The spiral cutter head is impressive. Precision ground, and everything has a high quality look and feel. The carbide insert cutters are easy to adjust and replace in the event that they become dull or damaged. This is a great upgrade over the traditional knife-based cutter head. (I will discuss spiral cutter heads in more detail in an upcoming article.)
Let’s put it through a few tests:Infamous nickel test. I was able to balance a nickel on the jointer’s bed, start the machine, let it run for a while, and then bring it to a complete stop without tipping over the nickel. I consider it an impressive engineering feat to maintain that level of stability on a machine delivering this much power to the cutter head.
Long board test. I couldn’t wait to see how well the machine would handle longer boards, since I had struggled with this for years on my 6″ jointer. Infeed capacity and weight are the keys here, and at 600 pounds with a 43-3/8″ infeed table, it is a piece of cake to joint longer boards. The board shown is a tad over 7 feet long, and it fed through easily, creating a perfect joint.
Gap free joints right out of the box. I was impressed by the quality of the edge produced without any modifications to the setup of jointer beds. This machine will produce great panel glue-ups, even for large table tops, king size headboards, etc.
Easy Rabbets. With a 3 HP motor and an ample size rabbeting ledge, it does a great job removing large amounts of stock to mill rabbets, although for deep cuts you will still want to make multiple passes for quality and safety reasons.
Jointing bevels. The long, high fence makes jointing bevels an easy, repeatable process.
Let’s try some face jointing. One of the reasons I wanted to upgrade my jointer was to get greater capacity for face jointing rough lumber. One of the reasons I wanted a spiral cutter head was because they are known for (among other things, which I will cover in a separate article) delivering great cuts on figured stock. So I ran a few pieces of figured stock through to see if it would live up to the hype.
Curly red birch. This sample came out perfect in one pass. I was amazed at the surface, which looked like it had not only been finish sanded, but had such sheen to it that it looked like it had been finished with polyurethane as well.
Birdseye maple. The 490X produced a mirror like surface on this sample with no chipping around the figured areas.
Quilted maple. I saw some minor surface chipping around the figured areas on this board, but nothing that could not be removed with a light sanding. I also took a second pass at a slower feed rate and with a lighter cut and was able to remove most of the chipping. Honestly, I don’t look to the jointer for perfect surfaces, just flat surfaces, so the tool exceeds both my needs and my expectations on this front. I can always run a board through a planer or hit it with a sander or scraper to perfect the surface.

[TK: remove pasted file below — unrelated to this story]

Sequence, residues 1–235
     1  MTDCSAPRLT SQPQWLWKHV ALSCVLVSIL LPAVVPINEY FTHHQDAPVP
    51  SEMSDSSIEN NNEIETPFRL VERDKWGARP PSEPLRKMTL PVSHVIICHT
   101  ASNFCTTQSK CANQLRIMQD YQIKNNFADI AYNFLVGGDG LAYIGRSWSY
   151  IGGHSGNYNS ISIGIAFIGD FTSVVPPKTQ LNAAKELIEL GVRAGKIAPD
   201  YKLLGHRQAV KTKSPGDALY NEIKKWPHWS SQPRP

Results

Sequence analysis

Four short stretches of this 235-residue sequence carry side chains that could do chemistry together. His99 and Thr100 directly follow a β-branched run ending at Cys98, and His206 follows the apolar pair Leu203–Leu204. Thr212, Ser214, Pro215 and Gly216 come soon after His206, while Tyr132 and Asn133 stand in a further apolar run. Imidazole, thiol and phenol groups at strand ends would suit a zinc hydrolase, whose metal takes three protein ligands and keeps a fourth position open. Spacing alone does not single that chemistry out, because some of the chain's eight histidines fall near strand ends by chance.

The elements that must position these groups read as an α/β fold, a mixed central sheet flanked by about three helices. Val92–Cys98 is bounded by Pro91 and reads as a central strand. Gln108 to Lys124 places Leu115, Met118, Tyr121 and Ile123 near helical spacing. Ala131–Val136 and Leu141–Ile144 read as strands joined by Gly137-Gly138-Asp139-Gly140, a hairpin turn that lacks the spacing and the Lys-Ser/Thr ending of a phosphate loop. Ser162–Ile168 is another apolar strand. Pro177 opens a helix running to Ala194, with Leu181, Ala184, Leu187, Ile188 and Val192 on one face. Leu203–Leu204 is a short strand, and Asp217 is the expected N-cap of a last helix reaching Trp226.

As I described in part one of this review, my overall purchase experience was okay, but I felt that I needed to do quite a bit of my research and analysis using resources outside of the Grizzly web site. For example I did not receive much guidance from the web site to help me choose between their six different configurations for an 8″ jointer. No description of why I might want parallelogram beds or a spiral cutter head. No suggestions as to why I might choose Grizzly’s own spiral cutter head vs. the Byrd option that they also sell. I had to talk to fellow woodworkers and scour the internet to find some of the information that I desired. On the other hand, I am a research junky who likes doing homework, as it kind of makes these big tool purchases more of an adventure.
Upon receiving the jointer, I was disappointed with the vibration problem that I experienced, and I did not enjoy the hours spent troubleshooting the problem. But kudos to Grizzly for their world-class responsiveness and unwavering commitment to getting me up and running. Nobody likes hassles, but honestly I believe that this scenario allows me to give an even stronger endorsement to Grizzly than if I would have had a more common smooth setup experience. They demonstrated an unwavering commitment to their customer and stood behind their product through a problematic situation.
Now that it is up and running and I have seen what it can do, I love this tool and am delighted with the purchase overall. The setup hassles are quickly dissolving into history as I am now enjoying a precise, powerful, solid piece of machinery. The Grizzly 490X is well made and offers a solid set of features that make it a winner in the shop of any serious hobbyist or small professional shop. I also feel that this tool is a bargain at $1,250.
Photos by Author unless otherwise credited.
G490X, Grizzly 8″ Jointer with Parallelogram Beds and Spriral Cutterhad, $1,250 plus shipping
The Router Table as a Jointer